President Joe Biden arrived at La Nuvola, ‘the cloud,’ in Rome on Saturday to kick off two days of meetings with G20 leaders – their first in-person gathering in two years.
On Saturday for the U.S. president, the global minimum tax and Iran will be front-and-center.
Biden was greeted by Italian Prime Minister Mario Draghi, representing the host country.
He then mingled with other G20 leaders as they posed for the customary ‘family photo.’
Biden was spotted chatting with Turkish President Recep Tayyip Erdoğan – who he’s expected to hold a bilateral meeting with once he moves on to Scotland on Monday for the COP26 climate summit – and French President Emmanuel Macron, who he spent time with Friday.
The president was also seen taking a selfie with healthcare workers.
The ‘overarching theme’ of the day, said a senior administration official Friday night, is ‘The United States is steadfastly committed to our allies and partners and to face-to-face diplomacy at the highest levels.’
President Joe Biden (left) shakes the hand of Turkish President Recep Tayyip Erdoğan (right) as the G20 leaders meet for the first time in-person in two years. Standing in the middle is Democratic Republic of Congo’s President and African Union Chair Felix Tshisekedi
President Joe Biden poses for a picture as he arrives for the G20 leaders’ summit in Rome on Saturday
President Joe Biden takes a selfie with health workers as he arrives Saturday at the G20 Leaders’ Summit in Rome
President Joe Biden (left) greets French President Emmanuel Macron (right) as the G20 leaders take a so-called ‘family photo.’ The two leaders met Friday in Rome in advance of the summit
Turkish President Recep Tayyip Erdogan (left), British Prime Minister Boris Johnson (center) and President Joe Biden (right) are pictured as they arrive Saturday at the G20 in Rome
Italy’s Prime Minister Mario Draghi (left) greets President Joe Biden (right) at the G20 summit on Saturday
President Joe Biden (left) speaks with U.K. Prime Minister Boris Johnson (right) Saturday at the G20 Leaders’ Summit in Rome
President Joe Biden arrives at the La Nuvola, ‘the cloud,’ in Rome on Saturday
President Joe Biden (right) stands alongside Italian Prime Minister Mario Draghi (left)
ALL BIDEN HIMSELF: President Joe Biden poses with the G20 leaders, taking a spot along the sidelines
While Biden is attending in person, Russian President Vladimir Putin and Chinese President Xi Jinping are no-shows, though Xi will participate virtually.
Expected to be front-and-center in the first session: the global minimum tax.
‘In this session, G20 leaders will support the establishment of the historic global minimum tax to ensure that giant corporations pay their fair share no matter where they’re located,’ said a senior administration official Friday night.
‘The deal works because it removes the incentives for the offshoring of American jobs, it’s going to help small businesses compete on a level playing field, and it’s going to give us more resources to invest in our people at home,’ the official continued. ‘It’s a game changer for American workers, taxpayers, and businesses. And in our judgment, this is more than just a tax deal; it’s a reshaping of the rules of the global economy.’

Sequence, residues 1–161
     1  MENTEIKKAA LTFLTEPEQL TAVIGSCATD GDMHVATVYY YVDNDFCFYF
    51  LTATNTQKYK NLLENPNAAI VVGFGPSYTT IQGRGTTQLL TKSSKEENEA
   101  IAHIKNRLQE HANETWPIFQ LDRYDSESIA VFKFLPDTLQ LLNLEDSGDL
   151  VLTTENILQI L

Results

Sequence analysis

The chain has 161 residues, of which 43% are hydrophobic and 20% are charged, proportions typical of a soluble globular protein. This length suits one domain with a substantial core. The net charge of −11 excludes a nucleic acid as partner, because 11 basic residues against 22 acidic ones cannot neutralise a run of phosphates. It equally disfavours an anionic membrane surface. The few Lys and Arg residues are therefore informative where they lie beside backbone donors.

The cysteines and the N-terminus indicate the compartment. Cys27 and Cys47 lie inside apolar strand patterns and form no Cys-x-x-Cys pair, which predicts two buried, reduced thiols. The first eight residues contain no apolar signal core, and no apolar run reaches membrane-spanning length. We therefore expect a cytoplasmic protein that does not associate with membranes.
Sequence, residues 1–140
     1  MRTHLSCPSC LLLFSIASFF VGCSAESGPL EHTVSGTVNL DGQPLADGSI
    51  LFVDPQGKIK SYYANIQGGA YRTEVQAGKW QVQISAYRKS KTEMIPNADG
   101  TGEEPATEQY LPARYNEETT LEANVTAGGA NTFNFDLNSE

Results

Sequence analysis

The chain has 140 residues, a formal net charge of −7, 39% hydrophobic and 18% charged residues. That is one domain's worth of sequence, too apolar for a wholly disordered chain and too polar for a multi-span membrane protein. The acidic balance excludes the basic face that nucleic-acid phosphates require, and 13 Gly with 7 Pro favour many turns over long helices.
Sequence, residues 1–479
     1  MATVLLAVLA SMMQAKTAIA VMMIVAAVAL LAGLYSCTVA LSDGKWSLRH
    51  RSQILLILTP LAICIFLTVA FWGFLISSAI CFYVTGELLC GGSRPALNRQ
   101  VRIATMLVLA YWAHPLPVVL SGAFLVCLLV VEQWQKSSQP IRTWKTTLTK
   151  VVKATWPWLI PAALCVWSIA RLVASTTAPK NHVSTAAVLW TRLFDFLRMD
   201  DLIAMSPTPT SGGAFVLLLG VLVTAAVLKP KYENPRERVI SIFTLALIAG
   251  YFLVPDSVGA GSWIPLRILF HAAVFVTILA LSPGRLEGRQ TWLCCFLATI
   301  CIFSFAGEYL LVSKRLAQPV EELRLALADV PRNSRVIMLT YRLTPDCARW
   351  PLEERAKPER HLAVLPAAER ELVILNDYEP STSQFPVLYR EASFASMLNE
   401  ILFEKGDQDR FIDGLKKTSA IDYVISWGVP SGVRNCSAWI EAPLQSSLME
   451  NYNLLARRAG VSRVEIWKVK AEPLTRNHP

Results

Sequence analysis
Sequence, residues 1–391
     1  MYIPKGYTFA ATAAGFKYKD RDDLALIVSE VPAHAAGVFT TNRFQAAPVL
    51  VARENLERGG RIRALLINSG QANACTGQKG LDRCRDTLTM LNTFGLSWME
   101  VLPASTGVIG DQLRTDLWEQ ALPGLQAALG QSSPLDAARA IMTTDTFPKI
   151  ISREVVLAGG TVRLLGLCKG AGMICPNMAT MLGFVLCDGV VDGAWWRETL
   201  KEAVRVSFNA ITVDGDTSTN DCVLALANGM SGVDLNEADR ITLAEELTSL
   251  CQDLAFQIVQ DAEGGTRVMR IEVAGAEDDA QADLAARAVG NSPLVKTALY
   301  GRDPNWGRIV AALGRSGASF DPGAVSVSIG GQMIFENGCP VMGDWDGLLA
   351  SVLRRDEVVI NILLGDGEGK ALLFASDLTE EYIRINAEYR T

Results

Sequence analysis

Reporters will be kept out of the room for Biden’s afternoon meetings.
He’ll attend an event in support of women-owned businesses.
More pressing, however, will be his meeting with UK Prime Minister Boris Johnson, Macron, and German Chancellor Angela Merkel on Iran.
Johnson, Macron and Merkel make up the E3 – the European leaders who signed onto the Iran nuclear deal.
Biden is seeking a ‘united’ policy on Iran, National Security Adviser Jake Sullivan said Thursday, when he previewed the trip on board Air Force One.
It will mark the first time the four leaders have sat together in person to discuss this particular issue, a White House official said.
‘It’s an opportunity to closely coordinate with our key European partners, at the leader level, on a joint negotiating position as we work towards a resumption of negotiations,’ Sullivan said.
On Friday night, a senior administration said there would be no ‘deliverable’ to come from the get-together.
‘They need to have private space to have a no BS conversation abour where we’re at and where we need to go,’ the official said. ‘A lot of times, you have … the meeting is fake, and then you have some deliverables. This is more like this is going to be a serious opportunity to check signals as we head into a really vital period on this issue.’
Former President Donald Trump nixed the U.S.’s participation in the Iran nuclear deal in 2018, angering European allies.
The Joint Comprehensive Plan of Action – JCPOA – had seen Iran scale back its nuclear program in exchange for lifting international sancations against its economy.
It will also be discussed during Saturday afternoon’s meeting.
‘Those will be the two main elements of the meeting,’ Sullivan said. ‘Fundamentally centering around a shared strategy and solidarity and unity in our approach, which of course will be a study in contrast with the previous administration since Iran was one of the areas of most profound divergence between the previous administration and the Europeans.’
Sullivan conceded he didn’t know if Iran was ready to return to the negotiating table.
‘It’s not entirely clear to me yet whether the Iranians are prepared to return to talks,’ he said. ‘We have heard positive signals that they are, but I think we have to wait and see when and whether they actually show up at the negotiating table. And we’re prepared to negotiate in good faith for a return to mutual compliance with the JCPOA. We hope they are as well.’
After that meeting, the president and First Lady Jill Biden will attend a closed-door dinner with the other G20 leaders and their spouses.